Little Hope for Pay Parity in 2010, but the Fight Continues
"Pay parity" is a mantra federal civilian employees have long chanted to bring about a desired state of income.
For most of the past 30 years, they have used the power of positive thinking, not to mention good, hard lobbying, to persuade Congress they should get the same pay raise as members of the military.
But at this point, for fiscal year 2010, Frankie and Flo Fed don't appear to have much more than a hope and prayer that Congress will give them the 3.4 percent increase that men and women in uniform are slated to receive.
Take it from Rep. Steny H. Hoyer (D-Md.), the House majority leader who also represents thousands of federal workers in his suburban Washington district. He said he was "very disappointed that parity was not achieved in either the House or the Senate. I intend to work with the administration to include pay parity in next year's [fiscal 2011] budget."
More likely for civilians in 2010 is the 2.9 percent cost-of-living increase the Senate Appropriations Committee approved last week. That's certainly better than the 2 percent raise President Obama proposed in his budget. And because the House appropriations bill is silent on civilian pay, there currently is no vehicle Frankie and Flo can ride to the land of 3.4.
That doesn't mean they won't keep trying.
"At this point we're still fighting for pay parity," said Beth Moten, legislative director for the American Federation of Government Employees. "I believe that the cause is far from lost. If you get to 2.9, it's only a half-point to 3.4."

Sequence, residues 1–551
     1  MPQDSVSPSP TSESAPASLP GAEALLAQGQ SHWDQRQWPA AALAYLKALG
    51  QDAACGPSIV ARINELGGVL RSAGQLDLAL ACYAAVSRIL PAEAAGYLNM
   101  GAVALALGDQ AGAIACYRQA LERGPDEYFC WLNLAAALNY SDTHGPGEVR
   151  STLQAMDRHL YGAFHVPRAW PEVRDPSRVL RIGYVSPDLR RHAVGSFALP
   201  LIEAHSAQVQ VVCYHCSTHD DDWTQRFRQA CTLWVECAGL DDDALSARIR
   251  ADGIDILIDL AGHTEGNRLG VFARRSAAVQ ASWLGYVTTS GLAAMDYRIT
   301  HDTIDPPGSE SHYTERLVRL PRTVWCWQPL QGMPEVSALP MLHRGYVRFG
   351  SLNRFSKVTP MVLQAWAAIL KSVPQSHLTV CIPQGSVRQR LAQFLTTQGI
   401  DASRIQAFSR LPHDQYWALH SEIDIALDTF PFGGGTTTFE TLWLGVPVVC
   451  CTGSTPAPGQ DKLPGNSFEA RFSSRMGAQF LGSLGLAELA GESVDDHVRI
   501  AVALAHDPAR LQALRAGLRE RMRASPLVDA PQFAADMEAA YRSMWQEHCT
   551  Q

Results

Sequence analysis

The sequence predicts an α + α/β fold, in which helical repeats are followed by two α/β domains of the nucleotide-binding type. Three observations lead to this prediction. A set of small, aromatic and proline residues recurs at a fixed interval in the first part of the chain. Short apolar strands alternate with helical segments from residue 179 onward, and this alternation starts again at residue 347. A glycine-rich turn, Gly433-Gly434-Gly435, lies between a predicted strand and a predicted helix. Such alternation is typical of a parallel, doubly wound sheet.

And they aren't fighting alone.
Last month, two key House members on federal workforce issues urged the House Appropriations Committee to bump salaries to the higher level.
Democratic Reps. Edolphus Towns (N.Y.) and Stephen F. Lynch (Mass.) are chairmen of the Committee on Oversight and Government Reform and its subcommittee on the federal workforce, Postal Service and District of Columbia, respectively. They deal with a variety of topics affecting the federal workplace, but their panels don't set salaries.
So they urged the committee that does set salaries to maintain pay parity.
"Federal employees work side-by-side with military personnel both here and abroad, and deserve to be recognized for their extraordinary efforts," said their letter (pdf) to House Appropriations Committee leaders. "Civilian employees serving at DOD [Department of Defense], FBI, State, DHS [Department of Homeland Security], and at many other agencies support the men and women of the armed forces and work tirelessly to ensure the security of our nation.